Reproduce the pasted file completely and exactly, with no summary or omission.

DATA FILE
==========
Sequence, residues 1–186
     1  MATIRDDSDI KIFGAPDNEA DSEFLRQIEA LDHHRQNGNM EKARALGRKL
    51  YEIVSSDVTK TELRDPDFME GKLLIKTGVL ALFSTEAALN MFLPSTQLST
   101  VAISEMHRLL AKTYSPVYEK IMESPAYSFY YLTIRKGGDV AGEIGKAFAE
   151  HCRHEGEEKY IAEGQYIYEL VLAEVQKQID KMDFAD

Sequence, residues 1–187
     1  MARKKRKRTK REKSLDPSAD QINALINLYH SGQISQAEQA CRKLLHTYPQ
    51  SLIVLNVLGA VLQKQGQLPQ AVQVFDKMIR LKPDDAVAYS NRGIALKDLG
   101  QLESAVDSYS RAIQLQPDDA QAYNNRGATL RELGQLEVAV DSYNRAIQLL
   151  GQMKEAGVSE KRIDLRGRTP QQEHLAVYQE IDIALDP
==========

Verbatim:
Sequence, residues 1–186
     1  MATIRDDSDI KIFGAPDNEA DSEFLRQIEA LDHHRQNGNM EKARALGRKL
    51  YEIVSSDVTK TELRDPDFME GKLLIKTGVL ALFSTEAALN MFLPSTQLST
   101  VAISEMHRLL AKTYSPVYEK IMESPAYSFY YLTIRKGGDV AGEIGKAFAE
   151  HCRHEGEEKY IAEGQYIYEL VLAEVQKQID KMDFAD

Sequence, residues 1–187
     1  MARKKRKRTK REKSLDPSAD QINALINLYH SGQISQAEQA CRKLLHTYPQ
    51  SLIVLNVLGA VLQKQGQLPQ AVQVFDKMIR LKPDDAVAYS NRGIALKDLG
   101  QLESAVDSYS RAIQLQPDDA QAYNNRGATL RELGQLEVAV DSYNRAIQLL
   151  GQMKEAGVSE KRIDLRGRTP QQEHLAVYQE IDIALDP